Date: Fri, 14 Mar 97 18:02:18 CST
From: David Isenberg <email@example.com>
Russians arming themselves
By Fred Weir, Hindustani Times, 12 March 1997
MOSCOW (HT) -- Battered by rising crime and fearful of social unrest, record numbers of Russians are arming themselves with a variety of deadly weapons. Experts say many of them are pilfered from stockpiles of the former Soviet Army.
"There is an explosion of gun ownership in Russia today, now spreading beyond the criminal world to those whom we would call average people," says Nugzar Betanelli, director of the Institute for the Sociology of Parliamentarism.
"The mentality of society is changing in response to the general breakdown of order and widespread criminalization. People believe they must protect themselves."
For those Russians who want to stack the odds in their favour, the legal options are on display at the Kalchuga Gun Shop, a huge firearm emporium located barely a block from the Kremlin.
It sells a wide range of shotguns and hunting rifles, available to any customer who can prove to his local police department that he is in good health and has no criminal record.
The most popular items are gas pistols, of which Kalchuga stocks a staggering variety, priced from $100 U.S. and up. These are perfect replicas of real weapons, capable of firing a high-velocity stream of tear gas that can knock a person unconscious at 5 metres.
"Everybody is buying gas pistols these days," says the floor manager, Alexei Popov. "Ladies get small ones to carry in their purses. Men prefer big ones, with holsters slung under their arms.
"Basically they all want the self-confidence a weapon provides. We sell them faster than we can get them in."
But experts say the burgeoning black market in genuine firearms, as well as the relatively-innocuous gas pistols, is the real social nightmare facing post-Soviet Russia.
"Only a tiny fraction of people with weapons have obtained them legally,"says Larissa Kosova, a sociologist with the independent Opinion Research Centre.
A survey she conducted two years ago found that 14 per cent of Russians carried a weapon "for self-defence" on a daily basis.
"I would guess that figure is now closer to one-in-five," she says. "Also, what people are choosing to carry around with them is growing more frightening all the time."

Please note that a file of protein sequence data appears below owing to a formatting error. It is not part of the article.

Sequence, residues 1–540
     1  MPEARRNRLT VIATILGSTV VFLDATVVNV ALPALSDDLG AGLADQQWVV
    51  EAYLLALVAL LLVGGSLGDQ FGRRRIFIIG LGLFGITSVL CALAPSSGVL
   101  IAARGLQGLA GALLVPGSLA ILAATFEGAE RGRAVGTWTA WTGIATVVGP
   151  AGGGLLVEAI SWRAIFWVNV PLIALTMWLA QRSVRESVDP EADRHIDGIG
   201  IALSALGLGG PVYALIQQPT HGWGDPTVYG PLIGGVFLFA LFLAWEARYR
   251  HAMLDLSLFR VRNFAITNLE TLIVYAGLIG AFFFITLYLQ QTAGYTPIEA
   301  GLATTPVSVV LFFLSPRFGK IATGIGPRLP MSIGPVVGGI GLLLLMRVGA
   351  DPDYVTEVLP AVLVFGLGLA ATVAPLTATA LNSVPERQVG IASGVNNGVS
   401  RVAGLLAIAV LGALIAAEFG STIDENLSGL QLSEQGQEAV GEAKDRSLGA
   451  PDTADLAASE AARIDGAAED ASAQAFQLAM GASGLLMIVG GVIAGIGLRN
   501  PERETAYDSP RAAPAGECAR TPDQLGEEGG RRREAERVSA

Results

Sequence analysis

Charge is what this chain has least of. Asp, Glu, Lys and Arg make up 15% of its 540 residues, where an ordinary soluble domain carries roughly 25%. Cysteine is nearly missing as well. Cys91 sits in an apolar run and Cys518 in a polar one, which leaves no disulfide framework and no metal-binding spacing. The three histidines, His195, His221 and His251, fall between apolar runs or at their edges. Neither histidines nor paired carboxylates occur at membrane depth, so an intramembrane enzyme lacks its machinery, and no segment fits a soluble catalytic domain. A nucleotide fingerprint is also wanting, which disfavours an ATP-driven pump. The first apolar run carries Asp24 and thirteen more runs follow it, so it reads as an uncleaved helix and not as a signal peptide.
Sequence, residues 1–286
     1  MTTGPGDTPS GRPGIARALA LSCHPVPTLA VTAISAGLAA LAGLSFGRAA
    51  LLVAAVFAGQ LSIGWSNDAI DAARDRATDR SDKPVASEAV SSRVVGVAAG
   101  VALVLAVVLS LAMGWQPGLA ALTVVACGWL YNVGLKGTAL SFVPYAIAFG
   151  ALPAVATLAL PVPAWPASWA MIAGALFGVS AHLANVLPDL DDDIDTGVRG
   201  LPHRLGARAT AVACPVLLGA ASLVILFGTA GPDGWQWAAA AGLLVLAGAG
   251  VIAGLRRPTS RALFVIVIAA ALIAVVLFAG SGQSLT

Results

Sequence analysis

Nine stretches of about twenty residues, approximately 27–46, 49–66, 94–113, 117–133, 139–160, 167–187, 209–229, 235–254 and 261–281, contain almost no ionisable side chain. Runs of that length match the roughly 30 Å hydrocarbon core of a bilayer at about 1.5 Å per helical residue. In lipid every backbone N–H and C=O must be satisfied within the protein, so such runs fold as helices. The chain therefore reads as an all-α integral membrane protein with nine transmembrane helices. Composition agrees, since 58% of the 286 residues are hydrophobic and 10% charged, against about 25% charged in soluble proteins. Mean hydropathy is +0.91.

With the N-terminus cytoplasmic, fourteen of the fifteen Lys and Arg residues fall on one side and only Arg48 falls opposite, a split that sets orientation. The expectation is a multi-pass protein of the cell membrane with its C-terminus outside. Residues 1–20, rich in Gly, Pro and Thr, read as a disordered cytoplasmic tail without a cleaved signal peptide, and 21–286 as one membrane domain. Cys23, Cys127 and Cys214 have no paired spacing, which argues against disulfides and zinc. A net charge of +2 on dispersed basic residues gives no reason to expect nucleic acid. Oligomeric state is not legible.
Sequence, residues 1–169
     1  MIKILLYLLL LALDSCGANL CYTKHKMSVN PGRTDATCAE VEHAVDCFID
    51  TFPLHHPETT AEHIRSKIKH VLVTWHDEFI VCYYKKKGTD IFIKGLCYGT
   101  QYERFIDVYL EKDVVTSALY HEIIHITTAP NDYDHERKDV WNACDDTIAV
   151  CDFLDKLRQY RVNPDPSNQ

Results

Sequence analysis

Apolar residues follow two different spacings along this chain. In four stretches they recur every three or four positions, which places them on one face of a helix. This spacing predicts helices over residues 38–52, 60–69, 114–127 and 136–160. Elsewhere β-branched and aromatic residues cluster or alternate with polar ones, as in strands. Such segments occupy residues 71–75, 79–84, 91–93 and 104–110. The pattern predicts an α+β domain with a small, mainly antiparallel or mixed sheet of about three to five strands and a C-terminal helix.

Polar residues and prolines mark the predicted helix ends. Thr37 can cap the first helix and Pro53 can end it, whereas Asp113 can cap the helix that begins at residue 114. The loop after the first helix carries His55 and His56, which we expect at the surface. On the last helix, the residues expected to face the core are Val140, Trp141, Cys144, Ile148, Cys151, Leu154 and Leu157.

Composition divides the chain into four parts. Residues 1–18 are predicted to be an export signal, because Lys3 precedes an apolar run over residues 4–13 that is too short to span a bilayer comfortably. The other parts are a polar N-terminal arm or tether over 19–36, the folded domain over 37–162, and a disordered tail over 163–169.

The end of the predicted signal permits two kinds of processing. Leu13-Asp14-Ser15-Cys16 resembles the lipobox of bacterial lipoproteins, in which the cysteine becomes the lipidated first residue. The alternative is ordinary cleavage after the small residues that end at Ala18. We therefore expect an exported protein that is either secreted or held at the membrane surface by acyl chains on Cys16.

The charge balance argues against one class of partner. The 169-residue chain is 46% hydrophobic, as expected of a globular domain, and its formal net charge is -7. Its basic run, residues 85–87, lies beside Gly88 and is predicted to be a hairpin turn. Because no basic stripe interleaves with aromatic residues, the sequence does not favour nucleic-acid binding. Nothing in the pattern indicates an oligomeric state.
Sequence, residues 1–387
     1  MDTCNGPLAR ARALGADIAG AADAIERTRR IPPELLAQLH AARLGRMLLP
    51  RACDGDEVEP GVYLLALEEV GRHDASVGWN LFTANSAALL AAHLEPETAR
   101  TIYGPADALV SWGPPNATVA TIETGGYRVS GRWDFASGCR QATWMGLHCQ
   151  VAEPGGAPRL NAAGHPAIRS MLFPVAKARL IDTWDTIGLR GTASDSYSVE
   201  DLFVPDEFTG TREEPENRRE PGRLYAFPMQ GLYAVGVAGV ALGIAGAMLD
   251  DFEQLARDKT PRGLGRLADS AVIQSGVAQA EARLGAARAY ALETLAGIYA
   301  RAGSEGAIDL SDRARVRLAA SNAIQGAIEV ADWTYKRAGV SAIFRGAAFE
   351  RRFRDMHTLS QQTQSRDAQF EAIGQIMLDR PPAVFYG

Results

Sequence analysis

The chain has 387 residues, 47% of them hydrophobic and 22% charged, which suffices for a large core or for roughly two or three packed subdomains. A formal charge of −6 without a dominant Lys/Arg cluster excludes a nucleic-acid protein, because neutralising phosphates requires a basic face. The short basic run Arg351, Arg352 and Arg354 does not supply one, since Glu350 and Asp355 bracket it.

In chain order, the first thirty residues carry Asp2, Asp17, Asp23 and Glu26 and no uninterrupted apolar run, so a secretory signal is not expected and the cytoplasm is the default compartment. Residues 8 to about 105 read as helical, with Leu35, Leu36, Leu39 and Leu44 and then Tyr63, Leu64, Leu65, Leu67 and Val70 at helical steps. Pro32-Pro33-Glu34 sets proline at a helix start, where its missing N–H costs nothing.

Private ownership of military-style firearms is unlawful in Russia. But experts say the black market is flooded with assault rifles, sub-machine guns, pistols, grenades and explosives, which are fuelling a street-level arms race of terrifying proportions.
The daily Komsomolskaya Pravda recently surveyed the illegal arms bazaar, and found much of the vast array of death-dealing hardware being offered is the former property of Russia's impoverished and demoralized armed forces.
"The weapons have simply disappeared from arsenals and military warehouses . . . and all the documents are conveniently lost," the newspaper said. "No one knows the quantity of arms stored around the former Soviet Union that could ultimately end up on our streets."
Violent crime has steadily mounted since the collapse of the USSR. The Interior Ministry reported almost 1,000 contract murders alone last year, mostly the result of literal cut-throat competition among Russia's crime-prone new capitalists.
"The fastest-growing market for illicit guns is so-called businessmen," says Col. Sergei Proshin, head of the Moscow police force's illegal weapons department.
"They are scared of each other, and often have good reason to be."
Col. Proshin says his department confiscates about 1,000 illegal weapons a month, but admits that is just a tiny drop in an overflowing bucket.
"I won't say we are fighting a losing battle, but that's the way I usually feel," he says.